Visualizing questions – the visualizing question leverages hypotheticals to engage the individual’s imagination. For example, an impact visualizing question could be what effect do my efforts have on those around me.

Collaborating questions – these questions nudge the employee to seek positive help and advice from peers. By doing so, this encourages engagement in problem-solving. The peer can start the conversation with possible solutions, which will hopefully draw the individual’s focus away from the causes.


Psychological research suggests that an individual’s reaction to an adverse even is correlated with their perception of what they control with the event. The more perceived control, the more likely the individual will have a strong adverse reaction. Thus, when analyzing control of an adverse event, individuals will either ruminate on all the factors contributing to the event rather than areas of improvement.

Leaders will want to use questions to help the individual realistically evaluate their control. For example, a specifying question in this situation can be what levers did the individual actually have to pull to change the outcomes of the event?


This lens looks at how an individual reacts and reflects on their involvement with the event. For example, someone who is passed up on a promotion may reflect inwards on their own capabilities as to why they didn’t receive a promotion. Whereas other scenarios, such as the COVID pandemic and may spark individuals feeling as though nothing is within their control.

Questions that leaders can ask during this time should focus on what their actions can achieve. For example, in the midst of a natural disaster, individuals may ask what steps can they take to make the most out of the current situation.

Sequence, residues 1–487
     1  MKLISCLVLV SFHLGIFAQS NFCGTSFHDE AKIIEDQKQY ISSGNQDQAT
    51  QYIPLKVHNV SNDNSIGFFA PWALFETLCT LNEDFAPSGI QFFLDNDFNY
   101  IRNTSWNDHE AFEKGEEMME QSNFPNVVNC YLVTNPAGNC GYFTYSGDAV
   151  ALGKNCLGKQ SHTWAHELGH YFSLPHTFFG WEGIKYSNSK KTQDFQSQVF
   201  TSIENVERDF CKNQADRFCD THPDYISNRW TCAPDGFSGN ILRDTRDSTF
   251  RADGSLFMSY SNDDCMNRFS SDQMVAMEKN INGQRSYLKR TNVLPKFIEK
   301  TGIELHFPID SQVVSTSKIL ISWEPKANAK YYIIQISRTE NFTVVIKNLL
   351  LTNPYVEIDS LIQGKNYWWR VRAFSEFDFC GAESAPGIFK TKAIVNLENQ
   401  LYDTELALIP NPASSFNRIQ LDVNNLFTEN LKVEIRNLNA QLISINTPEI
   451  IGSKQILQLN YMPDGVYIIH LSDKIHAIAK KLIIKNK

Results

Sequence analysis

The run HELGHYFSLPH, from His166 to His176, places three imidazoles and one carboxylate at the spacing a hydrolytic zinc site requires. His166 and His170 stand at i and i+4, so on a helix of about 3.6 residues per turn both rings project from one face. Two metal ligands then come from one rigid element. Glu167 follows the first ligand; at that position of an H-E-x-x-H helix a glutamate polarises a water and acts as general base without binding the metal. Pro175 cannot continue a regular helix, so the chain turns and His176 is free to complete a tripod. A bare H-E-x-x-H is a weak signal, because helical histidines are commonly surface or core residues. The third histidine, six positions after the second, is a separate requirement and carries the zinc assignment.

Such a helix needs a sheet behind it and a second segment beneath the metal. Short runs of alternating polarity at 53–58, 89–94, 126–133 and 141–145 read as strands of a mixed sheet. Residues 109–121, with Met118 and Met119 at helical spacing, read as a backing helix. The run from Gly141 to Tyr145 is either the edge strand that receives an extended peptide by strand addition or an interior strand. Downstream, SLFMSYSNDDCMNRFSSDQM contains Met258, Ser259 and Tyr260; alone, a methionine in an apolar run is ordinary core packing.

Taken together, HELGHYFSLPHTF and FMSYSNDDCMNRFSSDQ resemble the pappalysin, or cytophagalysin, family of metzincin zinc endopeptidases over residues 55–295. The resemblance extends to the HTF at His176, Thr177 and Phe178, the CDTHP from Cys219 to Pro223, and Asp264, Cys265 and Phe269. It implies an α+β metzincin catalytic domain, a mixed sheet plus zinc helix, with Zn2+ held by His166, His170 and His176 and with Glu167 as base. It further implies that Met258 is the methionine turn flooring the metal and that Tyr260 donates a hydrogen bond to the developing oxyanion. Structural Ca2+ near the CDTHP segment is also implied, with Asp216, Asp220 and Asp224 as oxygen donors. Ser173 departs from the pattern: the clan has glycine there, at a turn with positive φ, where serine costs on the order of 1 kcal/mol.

The breadth lens is how the individual views the underlying cause and its reach. Individuals who believe that the cause can be addressed without further impact have better resilience than those who linger on the causes’ effects. Coming back to the example of a promotion, the individual may view their entire career as derailed due to the one set back.

A collaborating question that the individual can ask is who can I work with to create new opportunities. Such a question achieves two things in helping the individual reframe. First, it immediately moves the focus towards future opportunities rather than dwelling on how to recreate or recapture the existing one. This effectively stops the worrying of the cause. Next, it forces the individual to look for partners, which can be positive in balancing perspectives. If the partner has not experienced the adverse event, they maybe more optimistic about their next opportunity and will bring that to the partnership.


With the duration lens, we are analyzing how long an individual believes the effects and or repercussions of the event will last. For example, many times the market moves into recession territory, there is always speculation about the duration and its potential to become a depression. Unfortunately, this frame of focus is narrow and assumes that the individual will not adapt, or things will not change.

Visualizing questions can help an individual to bring acceptance of the situation. A typical question for this maybe what do individuals want for their career to look like after the setback? Are there other opportunities that are now open as a result?

Key takeaways

  • The best way to face and deal with adversity is to exercise a resilience regimen.
  • Resilience regimen centers on shifting thinking from cause-oriented to response oriented.
  • Leaders can help their team members deal with adversity by asking questions to help the individual reflect on control, impact, breadth, and duration.

Related Readings

Professional Leadership Institute (PLI) is an educational website providing professionals from all types of businesses with practical education in human resources and leadership. To keep evolving your leadership toolkit, additional PLI resources below will be useful: